Story: Cullen Bunn
Art: Jack T Cole
The Unsound, BOOM!’s recent miniseries from horror stalwart Cullen Bunn and gifted newcomer Jack T Cole, wears its influences on its sleeve while confidently building to something unique and indefinably eerie.
A razor blade on the desk of an empty reception is the first sign that things aren’t quite right at Saint Cascia psychiatric hospital. Ashli Granger’s first day on the job gets stranger still when she meets Xerxes, a mysterious patient whose face is forever hidden behind a mask constructed from a paper plate, and three sinister administrative entities with whom she is warned never to make eye contact. But when the patients turn homicidal and reality begins to shift around them, Ashli’s past and Xerxes’s cryptic guidance may be the only thing keeping the hospital’s surviving staff alive.
Cullen Bunn has demonstrated a considerable knack for the uncanny with such fine titles as Harrow County, and from the very first page of The Unsound his story seeps a sense of serene underlying insanity. Ashli makes her journey to work, we see a New York inhabited entirely by the neurotic, obsessive and unbalanced; where everybody is deranged in their own private or public way.
Jack T Cole’s prickly, nightmarish art is spellbinding here. Sure, the asylum’s physical transformation into hell-of-sorts owes more than a little to Jacob’s Ladder and Silent Hill (think incomplete mannequins and rusted metal), but Bunn and Cole pile on layers of unreality at a escalating pace until the book finds its own identity in florescent skies and architecturally impossible dreamscapes.
The Unsound does, however, commit a personal genre crime (to be fair one the majority of horror comics are guilty of): it hits the pedal far too early. Most reputable horror movies or novels take their time, bar the obligatory prologue or tease, to instill a sense of reality and stability into the viewer/reader before pulling the rug from under them. Comics, conversely, all too often reach that stage within several pages. Page 13, in the case of The Unsound. As a result, I never found myself fully invested in Ashli or the other staff and residents at Saint Cascia; as soon as we are introduced to them they are reduced to targets for Bunn and Cole to take aim at and fire.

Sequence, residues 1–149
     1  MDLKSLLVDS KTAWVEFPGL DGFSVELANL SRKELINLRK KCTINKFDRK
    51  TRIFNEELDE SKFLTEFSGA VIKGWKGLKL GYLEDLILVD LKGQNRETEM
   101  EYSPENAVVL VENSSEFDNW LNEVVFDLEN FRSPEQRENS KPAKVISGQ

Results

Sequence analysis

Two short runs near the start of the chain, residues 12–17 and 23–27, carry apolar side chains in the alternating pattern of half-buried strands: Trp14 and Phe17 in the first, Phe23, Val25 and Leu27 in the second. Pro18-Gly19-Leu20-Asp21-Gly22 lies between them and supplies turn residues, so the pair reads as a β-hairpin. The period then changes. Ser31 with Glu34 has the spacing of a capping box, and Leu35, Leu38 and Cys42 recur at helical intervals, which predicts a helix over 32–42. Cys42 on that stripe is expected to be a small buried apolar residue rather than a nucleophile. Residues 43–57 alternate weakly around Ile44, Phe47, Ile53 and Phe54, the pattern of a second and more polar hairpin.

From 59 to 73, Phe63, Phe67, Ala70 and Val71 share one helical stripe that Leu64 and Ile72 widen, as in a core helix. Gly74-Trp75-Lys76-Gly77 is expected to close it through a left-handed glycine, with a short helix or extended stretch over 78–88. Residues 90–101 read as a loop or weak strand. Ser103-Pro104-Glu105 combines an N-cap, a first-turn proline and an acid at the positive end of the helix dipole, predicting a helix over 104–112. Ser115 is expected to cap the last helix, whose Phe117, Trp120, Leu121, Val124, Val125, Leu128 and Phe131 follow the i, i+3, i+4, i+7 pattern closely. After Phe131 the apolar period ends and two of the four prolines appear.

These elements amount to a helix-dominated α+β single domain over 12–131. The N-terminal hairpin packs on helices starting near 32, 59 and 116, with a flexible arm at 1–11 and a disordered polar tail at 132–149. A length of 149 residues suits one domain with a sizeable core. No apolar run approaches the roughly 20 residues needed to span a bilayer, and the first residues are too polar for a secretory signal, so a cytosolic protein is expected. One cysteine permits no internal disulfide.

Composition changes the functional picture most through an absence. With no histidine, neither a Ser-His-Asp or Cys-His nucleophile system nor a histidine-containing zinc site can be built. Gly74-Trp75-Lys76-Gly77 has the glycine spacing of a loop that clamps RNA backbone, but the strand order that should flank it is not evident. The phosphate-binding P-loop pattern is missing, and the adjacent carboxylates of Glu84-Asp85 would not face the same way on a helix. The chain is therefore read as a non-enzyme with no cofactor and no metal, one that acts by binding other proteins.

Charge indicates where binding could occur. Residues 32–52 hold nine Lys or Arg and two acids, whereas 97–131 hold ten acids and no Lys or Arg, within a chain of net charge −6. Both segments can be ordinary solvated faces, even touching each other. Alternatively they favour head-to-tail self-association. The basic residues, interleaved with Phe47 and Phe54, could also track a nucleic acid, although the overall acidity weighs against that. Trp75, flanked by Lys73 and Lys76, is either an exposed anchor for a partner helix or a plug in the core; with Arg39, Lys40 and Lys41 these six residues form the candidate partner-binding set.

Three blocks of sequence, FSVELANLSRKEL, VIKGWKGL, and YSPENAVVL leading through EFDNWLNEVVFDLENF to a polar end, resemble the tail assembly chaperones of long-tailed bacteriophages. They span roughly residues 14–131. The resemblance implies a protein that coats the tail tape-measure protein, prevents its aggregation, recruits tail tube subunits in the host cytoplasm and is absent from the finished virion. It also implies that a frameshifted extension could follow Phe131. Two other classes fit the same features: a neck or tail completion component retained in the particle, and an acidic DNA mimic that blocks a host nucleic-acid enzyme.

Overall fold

That criticism aside, The Unsound is often genuinely unsettling in a way that few comics manage, mostly due to its increasingly batshit locations and some horribly imaginative murders. One particular scene, which sees a poor fellow turned into a piñata, is far more horrifying than it has any right to be, mainly because the storytellers refuse to question the ludicrousness of it all. The final act, for which I presume Robert W. Chamber’s The Yellow King played a heavy influence, is mad and maddening, building towards a unique take on cosmic horror that begs to be further explored, but it’s perhaps The Unsound’s understated and sober conclusion that proves most spine-tingling.